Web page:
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Michigan Gov. Gretchen Whitmer declared a state of emergency on Saturday
Heavy rains in the Detroit metropolitan area on Friday and Saturday caused flooding on several local freeways, prompting drivers to abandon their vehicles.
Garden City, Michigan received over 6.6 inches of rainfall during the storm, according to an Iowa State University storm tracker. 6.5 inches fell in Grosse Pointe, and 4.4 inches in Bloomfield Hills, per the tracker. The National Weather Service reported 2.37 inches of rainfall in Detroit.
Governor Gretchen Whitmer declared a state of emergency Saturday in response to flooding and other damage caused by the storm, including several power outages and sewer backups.
“We are continuing to work closely with emergency response coordinators and local leaders across the state to address widespread flooding,” Whitmer said in a statement. “The State Operations Center has been activated to coordinate our state’s response as we rush resources to affected areas, and the state of emergency declaration will help counties access even greater assistance.”
The Michigan Department of Transportation and Michigan State Police are responding to several freeway closures, with first responders searching abandoned vehicles for stranded motorists. Also assessing the storm’s impacts are the Detroit Water and Sewage Department, City of Detroit Department of Public Works, General Services Department, and more.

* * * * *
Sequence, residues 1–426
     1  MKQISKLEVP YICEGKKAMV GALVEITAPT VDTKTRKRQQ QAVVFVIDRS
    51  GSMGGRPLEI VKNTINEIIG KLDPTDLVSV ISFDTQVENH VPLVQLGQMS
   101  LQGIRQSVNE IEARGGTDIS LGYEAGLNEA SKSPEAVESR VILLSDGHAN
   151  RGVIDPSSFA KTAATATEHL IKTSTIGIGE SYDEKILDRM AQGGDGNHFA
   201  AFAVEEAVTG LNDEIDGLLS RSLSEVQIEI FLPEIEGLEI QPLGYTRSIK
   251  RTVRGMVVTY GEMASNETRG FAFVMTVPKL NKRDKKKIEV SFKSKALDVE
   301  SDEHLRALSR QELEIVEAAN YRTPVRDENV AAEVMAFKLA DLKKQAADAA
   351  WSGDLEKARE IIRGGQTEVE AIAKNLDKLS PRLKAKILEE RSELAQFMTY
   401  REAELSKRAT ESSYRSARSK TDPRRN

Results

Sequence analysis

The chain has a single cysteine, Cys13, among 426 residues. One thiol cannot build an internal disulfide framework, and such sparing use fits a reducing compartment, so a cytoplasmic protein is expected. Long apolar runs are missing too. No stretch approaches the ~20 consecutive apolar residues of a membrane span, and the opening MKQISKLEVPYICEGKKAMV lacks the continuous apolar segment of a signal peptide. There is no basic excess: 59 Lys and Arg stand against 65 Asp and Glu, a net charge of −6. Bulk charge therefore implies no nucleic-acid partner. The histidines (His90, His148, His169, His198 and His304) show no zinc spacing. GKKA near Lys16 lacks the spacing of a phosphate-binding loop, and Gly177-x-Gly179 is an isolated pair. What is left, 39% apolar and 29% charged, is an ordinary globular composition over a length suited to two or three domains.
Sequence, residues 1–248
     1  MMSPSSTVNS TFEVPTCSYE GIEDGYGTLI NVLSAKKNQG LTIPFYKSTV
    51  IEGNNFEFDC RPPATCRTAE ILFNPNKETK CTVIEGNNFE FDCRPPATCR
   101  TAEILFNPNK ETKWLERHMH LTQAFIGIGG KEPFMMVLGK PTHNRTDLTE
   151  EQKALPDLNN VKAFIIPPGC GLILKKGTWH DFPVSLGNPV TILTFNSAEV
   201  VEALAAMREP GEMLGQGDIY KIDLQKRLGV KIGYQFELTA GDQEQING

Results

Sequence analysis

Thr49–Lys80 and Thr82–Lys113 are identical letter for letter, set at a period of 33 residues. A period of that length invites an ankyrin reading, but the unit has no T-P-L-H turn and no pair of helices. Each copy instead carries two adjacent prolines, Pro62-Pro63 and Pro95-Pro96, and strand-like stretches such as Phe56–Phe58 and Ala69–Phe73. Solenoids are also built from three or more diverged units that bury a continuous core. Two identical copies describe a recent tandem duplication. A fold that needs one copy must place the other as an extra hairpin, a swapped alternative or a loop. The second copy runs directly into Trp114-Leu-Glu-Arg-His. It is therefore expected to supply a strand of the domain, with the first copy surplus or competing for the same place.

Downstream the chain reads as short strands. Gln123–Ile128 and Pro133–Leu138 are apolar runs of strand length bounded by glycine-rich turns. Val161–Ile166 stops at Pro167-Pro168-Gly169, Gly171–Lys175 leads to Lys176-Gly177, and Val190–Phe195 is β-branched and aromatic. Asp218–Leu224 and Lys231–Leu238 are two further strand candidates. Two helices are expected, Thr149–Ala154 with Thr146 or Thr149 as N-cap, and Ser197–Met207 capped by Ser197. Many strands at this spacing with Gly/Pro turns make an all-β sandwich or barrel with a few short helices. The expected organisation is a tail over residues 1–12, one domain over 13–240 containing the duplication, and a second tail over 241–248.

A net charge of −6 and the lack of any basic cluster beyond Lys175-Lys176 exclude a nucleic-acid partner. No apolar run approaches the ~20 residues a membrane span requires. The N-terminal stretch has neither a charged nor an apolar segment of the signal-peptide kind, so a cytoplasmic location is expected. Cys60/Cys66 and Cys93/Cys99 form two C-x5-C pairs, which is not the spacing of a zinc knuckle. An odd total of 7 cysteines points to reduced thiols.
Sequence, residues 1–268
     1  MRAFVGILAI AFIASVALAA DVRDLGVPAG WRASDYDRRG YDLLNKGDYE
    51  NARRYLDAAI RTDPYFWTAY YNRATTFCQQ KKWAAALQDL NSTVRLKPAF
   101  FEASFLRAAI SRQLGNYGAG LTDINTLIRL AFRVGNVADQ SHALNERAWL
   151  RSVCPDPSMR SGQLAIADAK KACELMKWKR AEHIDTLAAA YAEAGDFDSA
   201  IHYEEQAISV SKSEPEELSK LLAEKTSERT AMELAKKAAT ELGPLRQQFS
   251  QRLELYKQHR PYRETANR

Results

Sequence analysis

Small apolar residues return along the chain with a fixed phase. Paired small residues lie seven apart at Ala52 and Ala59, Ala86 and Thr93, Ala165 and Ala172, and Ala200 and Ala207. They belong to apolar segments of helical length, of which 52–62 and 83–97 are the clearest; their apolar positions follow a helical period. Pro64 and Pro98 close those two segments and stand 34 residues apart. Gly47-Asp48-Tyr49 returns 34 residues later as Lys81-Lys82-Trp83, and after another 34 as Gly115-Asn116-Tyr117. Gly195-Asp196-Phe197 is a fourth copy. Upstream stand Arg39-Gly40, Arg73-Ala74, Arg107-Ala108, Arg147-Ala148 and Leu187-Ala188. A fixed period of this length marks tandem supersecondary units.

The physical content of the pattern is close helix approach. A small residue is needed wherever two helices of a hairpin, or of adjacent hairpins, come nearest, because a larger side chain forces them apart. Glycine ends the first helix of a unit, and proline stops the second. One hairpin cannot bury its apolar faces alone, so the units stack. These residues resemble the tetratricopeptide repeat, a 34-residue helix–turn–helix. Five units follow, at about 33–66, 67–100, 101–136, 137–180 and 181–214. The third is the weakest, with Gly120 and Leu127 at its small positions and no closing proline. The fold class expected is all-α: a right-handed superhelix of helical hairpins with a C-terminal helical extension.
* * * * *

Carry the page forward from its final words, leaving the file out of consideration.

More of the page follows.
The city of Detroit has established an emergency hotline for residents to report damaged property due to flooding. Residents can also use that hotline to make claims for reimbursement once disaster relief funds are made available. Those that have been impacted by the flooding can call 313-267-8000.
The Michigan State Emergency Operations Center has also been activated to aid those impacted by flooding. Residents in need of assistance or resources related to flooding can call 211 or visit mi211.org. Further resources are available here.
Michigan State Police Lieutenant Michael Shaw advised motorists to avoid freeways until the flooding clears.
“It only takes about 6 inches of water to knock a person down,” Shaw told the Detroit Free Press on Saturday. “If you’re out there, and you come across some standing water, turn around.”
Michigan State Police Metro Detroit is providing updates via their Twitter account, @mspmetrodet. Early Saturday morning they posted photos of flooding on I-94 and Trumbull, and instructed stranded drivers to call emergency services.
“ALL freeways in Wayne County still have flooding issues and those freeways where water has receded is now littered with abandoned vehicles,” MSP wrote in a tweet. “If you are stranded and called 911, we will get to you. Please don’t continue to call for an ETA as it is overloading the system.”
Showers are expected to continue throughout metro Detroit until next Friday, Jul. 2, according to the National Weather Service.
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